Here are 4 tips for gaining control over your incoming content stream:
Decide what you MUST read. Whether it’s industry updates, certain bloggers, mainstream news, or any of the vast array of daily information that is available, the first step is identifying what it is you need to be reading. Keep track of regular resources and add/remove them as needed.
Choose a system for pulling in your Must-Read info. Use tools like Evernote, Instapaper, Pocket, RSS feeds, or even simply email filters for compiling your important info into an easy to access location.
Develop a reading plan. Schedule a time during your day that makes sense for you to read all the info you’re compiling. Whether it’s over your morning coffee or during a dedicated read/follow-up time make it a daily priority.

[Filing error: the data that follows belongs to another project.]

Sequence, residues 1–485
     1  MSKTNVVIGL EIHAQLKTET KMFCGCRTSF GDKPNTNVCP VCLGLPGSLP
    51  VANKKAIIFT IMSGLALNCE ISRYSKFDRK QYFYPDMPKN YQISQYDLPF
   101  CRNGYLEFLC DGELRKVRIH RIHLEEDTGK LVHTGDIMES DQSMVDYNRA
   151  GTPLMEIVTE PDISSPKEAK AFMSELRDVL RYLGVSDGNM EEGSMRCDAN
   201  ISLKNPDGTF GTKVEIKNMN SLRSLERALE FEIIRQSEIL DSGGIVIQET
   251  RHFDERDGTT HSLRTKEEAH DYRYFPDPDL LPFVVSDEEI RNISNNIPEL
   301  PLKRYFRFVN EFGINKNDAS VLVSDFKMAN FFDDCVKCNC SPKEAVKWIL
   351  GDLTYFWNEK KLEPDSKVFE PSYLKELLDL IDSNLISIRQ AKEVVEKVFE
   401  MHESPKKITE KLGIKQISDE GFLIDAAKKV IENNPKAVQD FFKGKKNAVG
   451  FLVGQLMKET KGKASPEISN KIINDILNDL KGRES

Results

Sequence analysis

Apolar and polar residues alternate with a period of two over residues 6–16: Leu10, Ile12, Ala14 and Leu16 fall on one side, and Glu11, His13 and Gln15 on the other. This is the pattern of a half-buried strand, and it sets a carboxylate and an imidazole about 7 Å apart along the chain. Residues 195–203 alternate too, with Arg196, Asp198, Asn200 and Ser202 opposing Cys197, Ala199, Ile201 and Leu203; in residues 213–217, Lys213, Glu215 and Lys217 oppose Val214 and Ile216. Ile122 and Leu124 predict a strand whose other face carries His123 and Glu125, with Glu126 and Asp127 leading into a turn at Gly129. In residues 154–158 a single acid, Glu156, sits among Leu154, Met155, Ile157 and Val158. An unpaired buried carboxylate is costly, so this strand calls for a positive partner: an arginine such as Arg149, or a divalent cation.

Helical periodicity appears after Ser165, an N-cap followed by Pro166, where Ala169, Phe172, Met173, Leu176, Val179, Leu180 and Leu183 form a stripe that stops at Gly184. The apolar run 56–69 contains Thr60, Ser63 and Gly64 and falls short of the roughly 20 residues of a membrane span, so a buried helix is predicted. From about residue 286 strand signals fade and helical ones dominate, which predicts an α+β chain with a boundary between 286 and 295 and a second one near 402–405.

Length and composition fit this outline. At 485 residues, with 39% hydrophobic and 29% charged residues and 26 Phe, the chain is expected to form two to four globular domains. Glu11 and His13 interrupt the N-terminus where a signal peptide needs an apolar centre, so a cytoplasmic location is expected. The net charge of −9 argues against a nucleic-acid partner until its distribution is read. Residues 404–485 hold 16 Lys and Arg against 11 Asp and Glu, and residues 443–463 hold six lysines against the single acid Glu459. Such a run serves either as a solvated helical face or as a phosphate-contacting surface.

Act on your impulses! Keep a journal or some other system for note taking on what you read and then identify action items that arise from your reading. You may be spurred to write or want to further research an issue or recommended resource. This reading journal will be your “To-Do list” for actions and a record of what you’ve read.
Take this simplistic system, expand and personalize it to your own preferences. Ultimately, these tips will help you organize and understand the “Words, words, words” that matter to you.
I would enjoy hearing what resources do you use to keep track of the inflow of content?
Photo from Laurence Olivier’s Hamlet (1948)